The Fed last week kept interest rates unchanged and indicated that it may not raise rates at all this year. The central bank also lowered its forecast for U.S. economic growth and inflation, citing concerns about weaker Chinese and European economies.
But there’s a chance that the U.S. economy — the largest in the world — could weather those risks, Sweeney told CNBC’s Nancy Hungerford on Thursday at the Credit Suisse Asian Investment Conference in Hong Kong.
“This further stimulus by the Fed — if global growth picks up and the U.S. is okay — is likely to lead to some surprisingly high inflation numbers,” he said.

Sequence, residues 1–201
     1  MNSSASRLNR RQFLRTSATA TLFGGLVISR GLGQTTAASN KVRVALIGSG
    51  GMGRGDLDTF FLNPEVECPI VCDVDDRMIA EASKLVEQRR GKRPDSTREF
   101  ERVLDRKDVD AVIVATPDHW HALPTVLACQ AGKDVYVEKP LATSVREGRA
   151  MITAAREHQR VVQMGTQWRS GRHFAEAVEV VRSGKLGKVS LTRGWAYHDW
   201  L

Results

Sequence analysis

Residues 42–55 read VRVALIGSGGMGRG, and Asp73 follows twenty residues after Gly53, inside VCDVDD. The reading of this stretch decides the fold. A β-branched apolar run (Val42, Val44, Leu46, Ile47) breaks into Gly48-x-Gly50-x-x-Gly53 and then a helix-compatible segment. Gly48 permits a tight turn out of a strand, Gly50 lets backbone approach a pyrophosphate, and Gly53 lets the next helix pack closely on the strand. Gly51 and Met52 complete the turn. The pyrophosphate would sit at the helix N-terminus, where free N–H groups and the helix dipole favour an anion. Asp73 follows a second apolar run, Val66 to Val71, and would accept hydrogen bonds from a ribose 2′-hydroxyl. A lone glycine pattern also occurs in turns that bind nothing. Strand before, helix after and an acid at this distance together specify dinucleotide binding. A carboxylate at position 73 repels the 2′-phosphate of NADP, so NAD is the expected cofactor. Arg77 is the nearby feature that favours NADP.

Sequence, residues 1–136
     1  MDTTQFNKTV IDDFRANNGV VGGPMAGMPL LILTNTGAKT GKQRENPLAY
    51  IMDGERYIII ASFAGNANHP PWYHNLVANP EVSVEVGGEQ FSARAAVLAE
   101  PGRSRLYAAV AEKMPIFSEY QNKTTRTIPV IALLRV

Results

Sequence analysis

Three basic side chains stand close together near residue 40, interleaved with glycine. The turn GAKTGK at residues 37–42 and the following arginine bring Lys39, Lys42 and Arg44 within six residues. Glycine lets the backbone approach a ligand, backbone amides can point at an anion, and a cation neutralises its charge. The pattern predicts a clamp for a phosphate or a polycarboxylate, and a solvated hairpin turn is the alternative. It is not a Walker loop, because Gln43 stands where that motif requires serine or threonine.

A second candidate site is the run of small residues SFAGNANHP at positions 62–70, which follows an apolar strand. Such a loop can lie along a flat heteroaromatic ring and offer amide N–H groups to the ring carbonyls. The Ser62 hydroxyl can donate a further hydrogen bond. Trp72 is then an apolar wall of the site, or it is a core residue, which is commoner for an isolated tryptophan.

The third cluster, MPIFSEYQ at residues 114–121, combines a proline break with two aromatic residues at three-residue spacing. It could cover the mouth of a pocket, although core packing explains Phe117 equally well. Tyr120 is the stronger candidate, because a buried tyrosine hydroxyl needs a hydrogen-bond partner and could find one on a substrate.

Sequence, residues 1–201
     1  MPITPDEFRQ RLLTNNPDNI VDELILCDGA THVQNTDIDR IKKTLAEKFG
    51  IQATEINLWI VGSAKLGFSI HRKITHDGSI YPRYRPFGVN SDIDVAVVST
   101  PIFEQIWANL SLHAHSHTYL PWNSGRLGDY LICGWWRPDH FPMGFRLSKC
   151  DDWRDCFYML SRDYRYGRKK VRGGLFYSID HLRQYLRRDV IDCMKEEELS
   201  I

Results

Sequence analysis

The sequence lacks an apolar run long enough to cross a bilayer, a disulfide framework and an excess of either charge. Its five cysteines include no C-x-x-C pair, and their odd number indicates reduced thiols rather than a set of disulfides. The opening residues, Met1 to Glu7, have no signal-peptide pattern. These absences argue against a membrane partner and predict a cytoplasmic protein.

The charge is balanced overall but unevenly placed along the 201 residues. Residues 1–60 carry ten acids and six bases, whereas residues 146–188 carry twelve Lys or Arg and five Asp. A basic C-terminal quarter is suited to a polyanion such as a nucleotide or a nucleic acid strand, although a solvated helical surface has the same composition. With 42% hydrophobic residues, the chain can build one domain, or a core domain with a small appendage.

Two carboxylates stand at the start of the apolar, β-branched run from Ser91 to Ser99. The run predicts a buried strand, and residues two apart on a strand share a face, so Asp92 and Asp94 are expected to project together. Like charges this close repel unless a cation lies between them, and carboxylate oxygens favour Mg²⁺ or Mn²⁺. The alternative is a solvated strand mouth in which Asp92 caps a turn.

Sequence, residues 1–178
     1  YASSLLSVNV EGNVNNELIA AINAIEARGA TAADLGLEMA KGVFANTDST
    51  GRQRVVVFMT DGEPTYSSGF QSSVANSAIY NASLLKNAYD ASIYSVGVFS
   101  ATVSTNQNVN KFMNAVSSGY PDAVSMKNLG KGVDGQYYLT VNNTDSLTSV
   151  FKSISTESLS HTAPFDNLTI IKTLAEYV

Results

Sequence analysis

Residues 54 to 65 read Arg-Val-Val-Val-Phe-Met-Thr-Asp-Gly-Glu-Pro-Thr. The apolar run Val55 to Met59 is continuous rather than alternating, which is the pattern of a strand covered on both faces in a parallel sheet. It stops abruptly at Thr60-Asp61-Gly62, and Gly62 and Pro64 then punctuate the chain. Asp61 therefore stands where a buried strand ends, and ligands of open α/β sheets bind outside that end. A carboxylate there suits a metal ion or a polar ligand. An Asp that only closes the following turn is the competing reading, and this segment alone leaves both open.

Sweeney added that there were signs that inflation in the U.S. was picking up in certain segments within the services industry, even though overall increase in consumer prices remain below the Fed’s 2 percent target.
Such a development could push the Fed to resume interest rate hikes, which will hurt markets and the economy if investors are caught off guard, the economist explained.
“The combination of margin erosion for businesses, through rising wage cost, and the potential abrupt tightening of financial conditions at some point, if inflation is rising, is actually a big threat,” he said. “I would argue a larger threat than the manufacturing noise that we had just behind us.”